Part 2 of working with Blender to generate bulkheadsThe last posting (Part 1) I wrote about creating a solid model from a 3 view that had relatively detailed outlines of loft lines on a ship's hull. Again, since the purpose of the example is to show how I did it, the model is not exactly what I would call particularly accurate. If I was to work on this for a finished version I would probably work it into a few subsections with a higher polygon count for each. Still, this should be good for now. As a reminder, this is done specifically with a somewhat deprecated version of Blender, but it should probably apply with quite a few different 3d modeling software packages. Also, this is done with an eye for a card model, but it should work fairly well with paper or plastic card scratch building.
So you got the shell of the thingWe prepared the hull in the previous posting, so how would one generate the bulkheads to provide the structure for the model. It's at this point that I would start making separate files. Why? Well, this part will be somewhat destructive. This may be particular to my software set up. I've been using Blender for some time, but I'm not a Blender guru (particularly since they keep changing detail bits, which is why I haven't upgraded yet). I'm using a paper model script that allows one to take a 3d model and cut it up and "unfold" until the pieces are flat, like flattening a box for recycling. The ability to generate this easily is limited by the complexity of the model.
If you read some previous postings I have made on using this script, you will read about some of the problems. Sometimes complicated internal corners, such as the ones created by bulkhead spaces, can create problems. This doesn't mean it happens all the time. Sometimes it works just fine with everything in one file of objects, but other times...well it's not so good. As a result I often have a structural file for bulkheads and such and a hull file. The important thing is that if you do this, the common points must match, otherwise trouble will ensue. I sometimes insure this by importing the hull file into a structural file as an external object so I can still see it. That is somewhat advanced and I won't go into it as it involves more complicated object relationships (Yes, true Blender people will gripe that this is a bit of a bearskins and stone approach, but it works for this purpose).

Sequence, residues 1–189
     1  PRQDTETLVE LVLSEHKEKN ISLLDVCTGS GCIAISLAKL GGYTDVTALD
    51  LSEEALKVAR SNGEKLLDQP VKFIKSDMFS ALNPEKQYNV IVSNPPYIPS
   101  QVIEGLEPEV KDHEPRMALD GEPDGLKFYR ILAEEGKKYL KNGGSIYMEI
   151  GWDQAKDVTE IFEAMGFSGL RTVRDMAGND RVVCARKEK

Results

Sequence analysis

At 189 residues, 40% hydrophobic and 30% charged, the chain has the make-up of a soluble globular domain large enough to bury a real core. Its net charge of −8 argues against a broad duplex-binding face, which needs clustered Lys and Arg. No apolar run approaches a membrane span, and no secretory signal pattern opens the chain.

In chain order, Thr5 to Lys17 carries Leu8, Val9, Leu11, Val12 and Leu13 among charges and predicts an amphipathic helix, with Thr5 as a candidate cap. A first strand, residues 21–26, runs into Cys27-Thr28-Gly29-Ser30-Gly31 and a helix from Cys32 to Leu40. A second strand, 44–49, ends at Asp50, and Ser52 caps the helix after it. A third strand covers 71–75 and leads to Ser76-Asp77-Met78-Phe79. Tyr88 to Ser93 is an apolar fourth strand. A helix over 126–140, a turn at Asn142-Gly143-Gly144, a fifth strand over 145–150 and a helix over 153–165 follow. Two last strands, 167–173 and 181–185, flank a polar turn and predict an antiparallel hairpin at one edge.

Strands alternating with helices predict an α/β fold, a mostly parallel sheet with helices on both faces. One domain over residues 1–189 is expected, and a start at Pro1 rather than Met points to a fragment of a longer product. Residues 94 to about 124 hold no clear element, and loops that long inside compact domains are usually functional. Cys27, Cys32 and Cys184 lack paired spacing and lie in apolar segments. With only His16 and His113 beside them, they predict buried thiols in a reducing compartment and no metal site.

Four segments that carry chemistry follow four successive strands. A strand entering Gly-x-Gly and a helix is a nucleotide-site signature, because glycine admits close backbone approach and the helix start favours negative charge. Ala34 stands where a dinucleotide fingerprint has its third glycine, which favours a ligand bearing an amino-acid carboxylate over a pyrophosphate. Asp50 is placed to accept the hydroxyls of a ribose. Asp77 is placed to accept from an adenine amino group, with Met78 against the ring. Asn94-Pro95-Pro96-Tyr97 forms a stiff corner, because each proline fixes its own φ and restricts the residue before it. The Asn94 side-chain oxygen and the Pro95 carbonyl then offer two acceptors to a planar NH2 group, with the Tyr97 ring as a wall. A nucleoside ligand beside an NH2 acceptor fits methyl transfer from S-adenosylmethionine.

So, at this stage I'll save the hull, and then save the file as "hullStructure" to start working on the internals.
Carving out the Structure
The process is similar to what went before with the hull creation. Before we created a large rectangular block to carve our shape out. In this case we want to outline the interior shapes to the existing solid. First I'm going to start the outline of the top deck. This will follow the second line from the top. Since the model is symmetrical, I'm not going to worry about generating internal spaces for the whole ship, but rather just the port side. So for starters, I selected all the vertices along the port edge of the hull.
These I deleted to make the next steps clearer.
I followed this up by starting a longitudinal bulkhead along the centerline, starting at the front.
And that's basically it. At this point you can use the paper model export function in Blender to have it crank out the shapes which should come out as one piece. You may need to put seams on the long pieces (a blender operation since it is also used for defining texture skins for the model) to force breaks since depending on the scale you finally export the file (a setting on the export paper model script) they would probably not fit on a single letter or A4 sheet.
Hope this posting helps with anyone trying to create structures for their models using 3d software.